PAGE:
✓ The AANS was founded in 1931 as an educational and scientific organization whose principal purpose was to foster optimum neurosurgical care. Because socioeconomic and political pressures on medicine generally and neurosurgery specifically have escalated in recent years, the American Association of Neurological Surgeons (AANS) has been required to respond effectively to matters beyond its traditional role. However, the AANS has lacked an effective, focused policymaking process to deal with socioeconomic concerns despite existing expertise within the specialty. The AANS now needs to develop a comprehensive socioeconomic effort that is consistent with its more traditional educational and scientific activities. A Task Force on Governance has been appointed to address how the Association's governance structure can reflect all the needs of our specialty in times of economic uncertainty and health care reform.
The 1994 presidential address
Julian T. Hoff
Julian T. Hoff
Julian T. Hoff
✓ Cerebral protection from an ischemic/hypoxic insult implies that tissue injury can be controlled or even prevented by certain therapeutic maneuvers. For example, physiological thresholds may be altered so that tissue vulnerability to the insult is reduced, or the intensity of an insult may be blunted by enhancing brain homeostasis. Such a therapeutic maneuver is carotid endarterectomy to improve blood flow in the disordered hemisphere. Alternatively, drugs with protective properties can be used before or even after the insult to “stabilize” injured tissue and prevent the harmful secondary effects that often follow.
Various past and present approaches to cerebral protection employing physiological, pharmacological, and surgical intervention are reviewed. The mechanisms by which each allegedly protects the brain from ischemia and hypoxia are discussed briefly. Promising, but not always successful, approaches used in the past have pointed the way for new and more rational therapies. Truly effective protection of the brain from ischemia and hypoxia depends directly upon our capability to explore basic mechanisms of injury and our willingness to measure accurately and objectively the outcome of newly developed protective measures.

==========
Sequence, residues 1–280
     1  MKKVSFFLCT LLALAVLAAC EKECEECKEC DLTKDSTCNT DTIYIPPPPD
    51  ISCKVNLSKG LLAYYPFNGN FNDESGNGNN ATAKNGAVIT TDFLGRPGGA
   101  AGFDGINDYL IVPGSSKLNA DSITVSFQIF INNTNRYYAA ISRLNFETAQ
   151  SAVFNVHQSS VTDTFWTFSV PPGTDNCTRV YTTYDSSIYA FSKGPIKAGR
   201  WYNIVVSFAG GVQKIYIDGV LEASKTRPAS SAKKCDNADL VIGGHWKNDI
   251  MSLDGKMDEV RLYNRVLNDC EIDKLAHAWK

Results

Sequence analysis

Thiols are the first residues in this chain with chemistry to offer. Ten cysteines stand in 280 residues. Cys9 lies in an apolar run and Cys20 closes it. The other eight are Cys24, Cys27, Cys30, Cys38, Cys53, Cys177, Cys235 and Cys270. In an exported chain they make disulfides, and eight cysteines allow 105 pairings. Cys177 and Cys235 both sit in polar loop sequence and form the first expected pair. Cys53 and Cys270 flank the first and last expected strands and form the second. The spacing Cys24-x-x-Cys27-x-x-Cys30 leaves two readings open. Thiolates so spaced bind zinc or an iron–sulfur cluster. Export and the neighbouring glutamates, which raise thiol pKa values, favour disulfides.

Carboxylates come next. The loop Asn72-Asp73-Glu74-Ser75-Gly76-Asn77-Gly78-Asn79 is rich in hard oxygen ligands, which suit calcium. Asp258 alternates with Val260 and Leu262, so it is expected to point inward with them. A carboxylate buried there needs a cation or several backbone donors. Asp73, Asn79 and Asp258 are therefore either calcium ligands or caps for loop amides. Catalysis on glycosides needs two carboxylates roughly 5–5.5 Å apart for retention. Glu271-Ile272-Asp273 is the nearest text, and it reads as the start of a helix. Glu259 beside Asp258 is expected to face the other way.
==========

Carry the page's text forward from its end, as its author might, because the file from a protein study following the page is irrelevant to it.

Julian T. Hoff
Julian T. Hoff and D. Gordon Potts
Julian T. Hoff and Bronson S. Ray
Julian T. Hoff and Merry Nishimura
✓ Hemorrhagic pulmonary edema was produced consistently in 19 of 20 anesthetized, paralyzed, ventilated cats when intracranial pressure (ICP) was raised for 30 minutes by intraventricular infusion of mock CSF to 150 mm Hg in 14, or 200 mm Hg in six. However, under identical conditions, except that ICP was raised to only 100 mm Hg, three of seven animals did not develop hemorrhagic edema of the lungs and the remaining four had spotty hemorrhage. Thirteen control animals with normal ICP had normal lungs. Gravimetric lung water analysis by Pearce's method confirmed gross and microscopic appearance of hemorrhagic pulmonary edema. Extravascular lung water (p < 0.05) and lung blood (p < 0.05) were significantly greater than control values when ICP was raised to or exceeded 150 mm Hg. Despite hemorrhagic edema, pulmonary gas exchange (O2, CO2) remained unaffected.
This animal model allows quantitative measurement of neurogenically-mediated hemorrhagic edema of the lungs before gas exchange is impaired. The model may facilitate clarification of the pathogenesis of neurogenic pulmonary edema and, consequently, refine evaluation of therapy.
Shizuo Hatashita and Julian T. Hoff
✓ Does an open skull alter the fundamental biomechanical properties of normal brain tissue? This question was studied in 32 anesthetized cats, 16 of which underwent a standard craniectomy (2.5 × 2.0 cm) in the left frontoparietal region. Brain tissue pressure, regional cerebral blood flow (rCBF), and brain water content were measured from the same area of cortical gray and white matter, and intracranial pressure (ICP) was recorded from the cisterna magna. Brain tissue resistance, tissue compliance, and the pressure-volume index were analyzed in response to a bolus injection of saline into brain tissue or the cisterna magna. Cerebrovascular resistance was also calculated.
In craniectomized animals 2 hours after surgery, ICP had fallen to 3.75 ± 0.39 mm Hg, and cortical gray and white matter tissue pressure had fallen to 3.19 ± 0.47 and 4.69 ± 0.54 mm Hg, respectively (mean ± standard error of the mean); these variables did not fall further over 4 hours. The pressure-volume index in the same animals increased significantly from 0.67 ± 0.01 to 0.86 ± 0.04 ml. Tissue compliance rose in the cortical gray matter but tissue resistance fell, approximating that found in subjacent white matter. There was no significant difference between animals with and without craniectomy in rCBF, cerebrovascular resistance, or brain water content in either gray or white matter.
These findings indicate that in the cat craniectomy causes an increase in the compensatory capacity of the intracranial cavity to increased volume. The data also indicate that cortical tissue has high hydraulic conductivity and compliance when the skull is opened.